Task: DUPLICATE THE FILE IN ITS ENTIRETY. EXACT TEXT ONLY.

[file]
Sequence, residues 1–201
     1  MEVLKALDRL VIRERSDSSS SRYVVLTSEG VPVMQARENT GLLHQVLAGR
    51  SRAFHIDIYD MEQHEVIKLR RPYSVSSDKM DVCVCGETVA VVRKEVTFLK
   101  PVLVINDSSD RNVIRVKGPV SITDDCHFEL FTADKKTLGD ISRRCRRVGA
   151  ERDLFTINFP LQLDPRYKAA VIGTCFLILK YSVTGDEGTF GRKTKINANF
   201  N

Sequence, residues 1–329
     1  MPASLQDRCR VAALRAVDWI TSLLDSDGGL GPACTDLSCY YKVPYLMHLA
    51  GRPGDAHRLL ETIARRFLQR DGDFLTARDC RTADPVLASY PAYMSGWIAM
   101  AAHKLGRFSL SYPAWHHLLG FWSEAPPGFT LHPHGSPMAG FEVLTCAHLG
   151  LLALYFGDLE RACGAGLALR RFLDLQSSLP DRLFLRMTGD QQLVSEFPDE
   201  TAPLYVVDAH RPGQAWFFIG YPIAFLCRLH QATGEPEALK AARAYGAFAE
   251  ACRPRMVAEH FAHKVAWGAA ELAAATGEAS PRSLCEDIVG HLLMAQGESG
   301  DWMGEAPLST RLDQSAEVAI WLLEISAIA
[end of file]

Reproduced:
Sequence, residues 1–201
     1  MEVLKALDRL VIRERSDSSS SRYVVLTSEG VPVMQARENT GLLHQVLAGR
    51  SRAFHIDIYD MEQHEVIKLR RPYSVSSDKM DVCVCGETVA VVRKEVTFLK
   101  PVLVINDSSD RNVIRVKGPV SITDDCHFEL FTADKKTLGD ISRRCRRVGA
   151  ERDLFTINFP LQLDPRYKAA VIGTCFLILK YSVTGDEGTF GRKTKINANF
   201  N

Sequence, residues 1–329
     1  MPASLQDRCR VAALRAVDWI TSLLDSDGGL GPACTDLSCY YKVPYLMHLA
    51  GRPGDAHRLL ETIARRFLQR DGDFLTARDC RTADPVLASY PAYMSGWIAM
   101  AAHKLGRFSL SYPAWHHLLG FWSEAPPGFT LHPHGSPMAG FEVLTCAHLG
   151  LLALYFGDLE RACGAGLALR RFLDLQSSLP DRLFLRMTGD QQLVSEFPDE
   201  TAPLYVVDAH RPGQAWFFIG YPIAFLCRLH QATGEPEALK AARAYGAFAE
   251  ACRPRMVAEH FAHKVAWGAA ELAAATGEAS PRSLCEDIVG HLLMAQGESG
   301  DWMGEAPLST RLDQSAEVAI WLLEISAIA